The second one is for 12/25/1977 – Christmas day.
This one, which was shot from the original, I found over at


And last but not least…

So remember when Peter was a DJ for Flash Thompson and Harry Osborn’s disco night club, Perdition? This one is from December 24, 1978 – when disco was king.

Amazing Spider-Man - December 24, 1978

I always loved how Stan Lee and John Romita touched base like this in real time on the holidays. It was a great way to connect to the readers.

And with that said – Happy holidays web-slingers all!


John Romita

John Romita Artist Edition Volume 2


Just got this in the mail the other day.

Designed by Randall Dahlk, it’s another home run as far as IDW’s Artist Editions go. Check out Randall Dahlk’s blog for a behind the scenes look.



This particular edition got me to thinking about the time frame that Romita did this work.

The issues in this collection are from around 1972. Jack Kirby has been gone not even two years and Romita is now the go-to guy for Marvel, jumping from Spider-Man to the Fantastic Four to Captain America and then back to Spider-Man…

Amazing Spider-Man #69 - February 1969
Amazing Spider-Man #69 – February 1969

Fantastic Four 103 - October 1970
Fantastic Four #103 – October 1970

Captain America - June 1971
Captain America #138 – June 1971

Amazing Spider-Man #108 -  May 1972
Amazing Spider-Man #108 – May 1972

During this time in the early 1970s, Romita is also doing art direction and handling spot and sequential art on a myriad of other projects.

Aurora Comic Scenes mini-comic drawn in 1973 to go with the model kit it depicts.
Aurora Comic Scenes mini-comic drawn in 1973 to go with the model kit it depicts.

What amazes me about the work spotlighted in this Artist Edition is that you can tell the speed he has to attack these issues because of deadlines (blue line, white out, paste-ups). At that speed you’re walking the high wire without a net, and the artwork is still stellar!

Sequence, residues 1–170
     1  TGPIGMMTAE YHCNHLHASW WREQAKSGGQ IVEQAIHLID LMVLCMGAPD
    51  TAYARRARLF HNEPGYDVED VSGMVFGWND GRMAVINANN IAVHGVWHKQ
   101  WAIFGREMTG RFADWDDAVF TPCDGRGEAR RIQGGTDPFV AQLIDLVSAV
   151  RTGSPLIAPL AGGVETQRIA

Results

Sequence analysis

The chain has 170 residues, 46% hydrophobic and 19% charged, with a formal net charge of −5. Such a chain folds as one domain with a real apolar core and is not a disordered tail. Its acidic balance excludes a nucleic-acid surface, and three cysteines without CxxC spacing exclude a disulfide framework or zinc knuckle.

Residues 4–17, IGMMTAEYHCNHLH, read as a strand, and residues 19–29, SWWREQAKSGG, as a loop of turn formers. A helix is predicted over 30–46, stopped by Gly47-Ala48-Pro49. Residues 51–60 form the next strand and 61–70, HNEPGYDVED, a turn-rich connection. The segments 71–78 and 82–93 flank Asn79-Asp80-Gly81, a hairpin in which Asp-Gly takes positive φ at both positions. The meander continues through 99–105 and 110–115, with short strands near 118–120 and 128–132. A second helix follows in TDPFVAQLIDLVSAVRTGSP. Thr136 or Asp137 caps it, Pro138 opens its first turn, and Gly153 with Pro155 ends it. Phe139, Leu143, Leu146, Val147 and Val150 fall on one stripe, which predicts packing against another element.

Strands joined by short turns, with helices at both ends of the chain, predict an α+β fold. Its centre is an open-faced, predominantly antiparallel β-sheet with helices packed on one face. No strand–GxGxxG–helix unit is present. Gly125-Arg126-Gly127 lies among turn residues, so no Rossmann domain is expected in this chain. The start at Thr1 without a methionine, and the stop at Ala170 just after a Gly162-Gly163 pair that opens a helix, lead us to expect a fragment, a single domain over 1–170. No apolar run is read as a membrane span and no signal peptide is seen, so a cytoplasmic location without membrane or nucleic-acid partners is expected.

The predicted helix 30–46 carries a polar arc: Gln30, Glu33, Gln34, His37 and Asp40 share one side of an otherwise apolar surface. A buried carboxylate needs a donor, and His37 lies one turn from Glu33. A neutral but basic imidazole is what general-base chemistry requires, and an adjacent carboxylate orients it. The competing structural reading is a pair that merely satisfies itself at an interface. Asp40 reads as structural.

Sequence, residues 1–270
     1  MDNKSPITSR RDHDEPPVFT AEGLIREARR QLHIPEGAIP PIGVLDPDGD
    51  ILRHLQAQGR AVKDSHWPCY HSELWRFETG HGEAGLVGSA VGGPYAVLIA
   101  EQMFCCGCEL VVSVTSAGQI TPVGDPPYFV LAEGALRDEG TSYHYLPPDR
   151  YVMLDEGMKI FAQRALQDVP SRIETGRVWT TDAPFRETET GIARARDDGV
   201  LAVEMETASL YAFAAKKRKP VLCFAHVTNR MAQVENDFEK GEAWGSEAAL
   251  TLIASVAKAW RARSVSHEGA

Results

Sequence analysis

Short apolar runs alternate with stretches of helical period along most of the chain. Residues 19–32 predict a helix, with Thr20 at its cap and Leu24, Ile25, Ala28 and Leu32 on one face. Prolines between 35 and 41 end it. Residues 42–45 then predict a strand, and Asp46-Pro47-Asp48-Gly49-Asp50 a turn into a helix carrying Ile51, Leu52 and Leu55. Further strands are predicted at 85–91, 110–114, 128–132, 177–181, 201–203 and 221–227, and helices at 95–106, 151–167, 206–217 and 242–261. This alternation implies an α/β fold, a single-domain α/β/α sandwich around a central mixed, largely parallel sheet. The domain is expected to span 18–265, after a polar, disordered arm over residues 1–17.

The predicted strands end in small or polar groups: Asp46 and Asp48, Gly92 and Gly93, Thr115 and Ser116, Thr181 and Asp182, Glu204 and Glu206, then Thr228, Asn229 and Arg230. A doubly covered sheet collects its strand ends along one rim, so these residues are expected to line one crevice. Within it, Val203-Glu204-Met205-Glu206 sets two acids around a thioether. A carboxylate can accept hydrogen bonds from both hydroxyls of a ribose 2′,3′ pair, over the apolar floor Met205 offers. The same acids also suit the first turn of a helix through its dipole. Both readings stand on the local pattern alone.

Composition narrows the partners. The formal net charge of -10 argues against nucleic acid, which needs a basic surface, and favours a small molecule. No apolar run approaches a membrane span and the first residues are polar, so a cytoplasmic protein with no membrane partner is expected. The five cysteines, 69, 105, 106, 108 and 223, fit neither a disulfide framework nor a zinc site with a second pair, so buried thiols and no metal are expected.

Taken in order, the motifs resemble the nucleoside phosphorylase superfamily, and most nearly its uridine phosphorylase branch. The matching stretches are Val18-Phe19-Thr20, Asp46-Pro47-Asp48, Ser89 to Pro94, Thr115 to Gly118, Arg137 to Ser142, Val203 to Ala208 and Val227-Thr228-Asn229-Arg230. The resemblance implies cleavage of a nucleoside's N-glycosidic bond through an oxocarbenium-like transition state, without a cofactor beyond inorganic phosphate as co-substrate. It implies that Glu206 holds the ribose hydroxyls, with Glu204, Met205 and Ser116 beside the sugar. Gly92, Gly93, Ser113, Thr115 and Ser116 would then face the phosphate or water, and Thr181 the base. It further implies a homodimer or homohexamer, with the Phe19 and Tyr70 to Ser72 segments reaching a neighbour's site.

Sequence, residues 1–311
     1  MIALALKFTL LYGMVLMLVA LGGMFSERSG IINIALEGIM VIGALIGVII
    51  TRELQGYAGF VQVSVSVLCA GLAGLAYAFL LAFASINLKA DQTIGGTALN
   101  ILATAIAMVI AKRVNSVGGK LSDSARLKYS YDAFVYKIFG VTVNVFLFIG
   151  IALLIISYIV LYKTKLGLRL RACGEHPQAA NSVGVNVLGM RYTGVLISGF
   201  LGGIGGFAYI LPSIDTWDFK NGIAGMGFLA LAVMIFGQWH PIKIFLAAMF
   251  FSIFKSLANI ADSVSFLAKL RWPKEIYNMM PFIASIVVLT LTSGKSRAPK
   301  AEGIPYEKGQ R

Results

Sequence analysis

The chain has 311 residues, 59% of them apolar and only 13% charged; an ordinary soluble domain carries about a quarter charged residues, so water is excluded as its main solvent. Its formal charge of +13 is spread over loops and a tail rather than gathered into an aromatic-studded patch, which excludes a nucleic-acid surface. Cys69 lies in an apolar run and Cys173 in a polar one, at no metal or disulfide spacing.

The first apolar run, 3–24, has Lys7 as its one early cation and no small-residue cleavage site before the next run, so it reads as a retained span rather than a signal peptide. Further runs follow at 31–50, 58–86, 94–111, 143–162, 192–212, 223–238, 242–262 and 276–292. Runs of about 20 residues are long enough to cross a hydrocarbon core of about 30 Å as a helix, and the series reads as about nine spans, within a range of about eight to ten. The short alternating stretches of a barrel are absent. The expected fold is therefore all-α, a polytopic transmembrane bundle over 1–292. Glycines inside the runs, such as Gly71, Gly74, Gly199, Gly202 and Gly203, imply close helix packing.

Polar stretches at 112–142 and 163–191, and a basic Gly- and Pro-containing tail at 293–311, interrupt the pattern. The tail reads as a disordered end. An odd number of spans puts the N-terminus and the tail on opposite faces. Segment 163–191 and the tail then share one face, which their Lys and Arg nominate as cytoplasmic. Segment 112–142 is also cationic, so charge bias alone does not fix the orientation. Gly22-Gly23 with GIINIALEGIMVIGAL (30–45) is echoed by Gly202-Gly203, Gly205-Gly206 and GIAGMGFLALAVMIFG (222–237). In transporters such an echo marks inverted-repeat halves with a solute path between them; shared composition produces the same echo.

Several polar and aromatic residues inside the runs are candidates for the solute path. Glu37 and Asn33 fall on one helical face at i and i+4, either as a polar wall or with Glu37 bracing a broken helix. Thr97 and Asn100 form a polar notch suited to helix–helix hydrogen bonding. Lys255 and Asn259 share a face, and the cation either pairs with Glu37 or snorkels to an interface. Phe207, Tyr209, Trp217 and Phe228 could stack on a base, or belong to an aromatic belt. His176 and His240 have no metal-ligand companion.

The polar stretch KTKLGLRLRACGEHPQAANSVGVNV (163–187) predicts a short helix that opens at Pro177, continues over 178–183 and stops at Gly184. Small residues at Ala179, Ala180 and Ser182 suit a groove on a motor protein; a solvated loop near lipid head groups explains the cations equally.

Amazing Spider-Man #114 -  November 1972
Amazing Spider-Man #114 – November 1972

If you’re a Romita fan, than this is definitely a book you want to pick up – I can’t recommend it highly enough.

And if you want to check out more of Romita’s artwork online, be sure to check out Mike Burkey’s web site:


A wealth of Romita art, and where most of the art in this Artist Edition came from!


Ending with a pic of John Romita and his wife Virginia hard at work in the mid-1970s.


Here’s wishing them peaceful deadline free days from here on in!

Ramblings & Reviews

Sins Past – But Not Forgotten

If you may remember from a previous post, I’m not a big fan of the Spider-Man storyline “Sins Past” – where they retcon continuity (the alteration of previously established facts in a fictional work) by having the Green Goblin “do the nasty” with Peter Parker’s beloved, Gwen Stacy.


Since it’s part of Marvel canon over at their Marvel Universe Wiki page, I though I would give the comics in this particular storyline to a team of scientists to gauge just how godawful (in scientific terms) this storyline actually is.

Scientists in protective garb reading "Sins Past."
Scientists in protective garb reading “Sins Past.”

Here are their official, indisputable results…
Click on image to see larger.

Jumpthe Shark

So there you have it.
This is one BAD story.

And really, if you can’t trust the Fonz, who can you trust?